My only real gripe of the night, however, was the audience member next to me who had a severe lack of concert etiquette, marring the concert experience for those around him. Inappropriate comments were made at inappropriate times; catcalls given when only enthusiastic applause was required, and even the glares directed at him did not deter his behaviour. Not everyone in the audience wants to know your friend’s name, neither do they want to hear about how boring the programme was when it was perfectly delightful. A pertinent reminder, therefore, to future concert- goers: be mindful of your etiquette, even in your enthusiastic showing of support for your friends. But personal gripes aside.

All in all, Vocal Exploits XXIII was an amazing experience for both performers and audience alike, and was definitely a Saturday night well-spent. This reviewer looks forward to Vocal Delights at the end of the year!

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Raffles Voices

Complete Programme

Raffles Voices

Kungala

Stephen Leek

Solfeggio

Arvo Pärt

Danny Boy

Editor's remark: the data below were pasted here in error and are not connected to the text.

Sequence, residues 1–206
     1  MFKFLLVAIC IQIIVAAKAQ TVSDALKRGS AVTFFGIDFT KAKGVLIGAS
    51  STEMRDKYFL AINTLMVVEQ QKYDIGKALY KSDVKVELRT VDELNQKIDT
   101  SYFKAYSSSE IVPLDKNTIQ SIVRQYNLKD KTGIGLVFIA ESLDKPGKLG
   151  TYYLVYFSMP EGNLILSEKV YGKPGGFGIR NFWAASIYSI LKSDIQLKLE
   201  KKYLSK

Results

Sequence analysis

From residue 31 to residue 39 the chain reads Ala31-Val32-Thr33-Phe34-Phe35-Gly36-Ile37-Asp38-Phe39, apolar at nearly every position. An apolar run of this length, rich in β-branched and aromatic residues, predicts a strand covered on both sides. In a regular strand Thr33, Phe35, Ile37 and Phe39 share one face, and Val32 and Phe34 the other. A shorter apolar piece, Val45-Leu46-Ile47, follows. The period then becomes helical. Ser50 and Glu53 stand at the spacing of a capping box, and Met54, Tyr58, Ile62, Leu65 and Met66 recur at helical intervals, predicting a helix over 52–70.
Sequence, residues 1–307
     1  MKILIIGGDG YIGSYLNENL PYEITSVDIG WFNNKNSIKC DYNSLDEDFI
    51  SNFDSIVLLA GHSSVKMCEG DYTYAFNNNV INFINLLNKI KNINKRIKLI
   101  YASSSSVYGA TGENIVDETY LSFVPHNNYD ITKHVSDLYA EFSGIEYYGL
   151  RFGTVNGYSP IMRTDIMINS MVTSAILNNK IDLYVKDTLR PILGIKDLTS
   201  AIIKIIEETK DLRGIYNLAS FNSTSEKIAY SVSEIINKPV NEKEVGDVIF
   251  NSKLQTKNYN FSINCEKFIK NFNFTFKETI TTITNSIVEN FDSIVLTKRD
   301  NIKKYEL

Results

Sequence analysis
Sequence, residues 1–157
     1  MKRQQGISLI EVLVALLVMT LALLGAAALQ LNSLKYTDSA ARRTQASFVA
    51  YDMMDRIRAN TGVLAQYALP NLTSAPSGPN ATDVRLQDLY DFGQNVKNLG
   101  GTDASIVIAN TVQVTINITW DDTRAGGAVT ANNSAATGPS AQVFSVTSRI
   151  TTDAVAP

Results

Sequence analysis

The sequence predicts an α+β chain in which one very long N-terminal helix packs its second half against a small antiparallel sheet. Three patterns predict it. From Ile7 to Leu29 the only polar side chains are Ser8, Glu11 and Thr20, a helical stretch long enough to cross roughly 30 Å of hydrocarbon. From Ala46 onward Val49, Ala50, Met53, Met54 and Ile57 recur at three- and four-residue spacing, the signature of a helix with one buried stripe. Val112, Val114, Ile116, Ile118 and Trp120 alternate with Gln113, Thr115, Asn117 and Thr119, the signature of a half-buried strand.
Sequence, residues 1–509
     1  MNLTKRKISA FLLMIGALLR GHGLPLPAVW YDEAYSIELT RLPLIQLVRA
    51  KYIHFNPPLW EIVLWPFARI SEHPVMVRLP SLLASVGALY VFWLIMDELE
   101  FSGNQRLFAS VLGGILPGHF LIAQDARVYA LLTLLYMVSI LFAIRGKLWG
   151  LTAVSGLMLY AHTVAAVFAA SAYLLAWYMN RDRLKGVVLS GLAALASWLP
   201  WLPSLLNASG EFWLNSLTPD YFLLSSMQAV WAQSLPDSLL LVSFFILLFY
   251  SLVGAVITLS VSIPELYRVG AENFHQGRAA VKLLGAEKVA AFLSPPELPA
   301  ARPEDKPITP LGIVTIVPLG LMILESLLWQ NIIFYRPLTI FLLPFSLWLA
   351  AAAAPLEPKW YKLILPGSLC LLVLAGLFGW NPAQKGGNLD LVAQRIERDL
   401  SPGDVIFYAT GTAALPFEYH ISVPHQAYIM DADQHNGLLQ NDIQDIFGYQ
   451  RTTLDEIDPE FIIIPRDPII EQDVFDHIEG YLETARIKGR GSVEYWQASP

arr. Joseph Flummerfelt

Penny Lane

arr. Peter Gritton

Raffles Chorale

Mae-e

Kentaro Sato

Loi Sui Tien

arr. Ban Sheng Toh

*Los Espejos

Soloist: Tiara Valencia Sadikin

Jonas Tamulionis

Nota

Soloist: Ma Yuqing

Jan Bark

With A Little Help from My Friends

Soloists: Lau Rui Joong, Bryan Ang, Andrew Yap, Raoul Muttom

arr. Peter Gritton

Raffles Singers

Dziedot Dzimu (Born to Sing)

arr. Alfred Kalnins

Le Baylere

arr. Goff Richards

Jaakobin Isot Pojat

Soloist: Law Kang Jie

Pekka Kostiainen

Combined Choir

Ametsetan

Javier Busto

The Long Road

Soloists: Clevvereno Darini Sam Wei Jie, Poh Su Ern, Daphne Quek, Poh Su Ern

Instrumental soloists: Chua Zijian and Gladys Yeo (Ocarinas), Marc Leong and Ian Ho (Recorders)

Eriks Ešenvalds

*World Premiere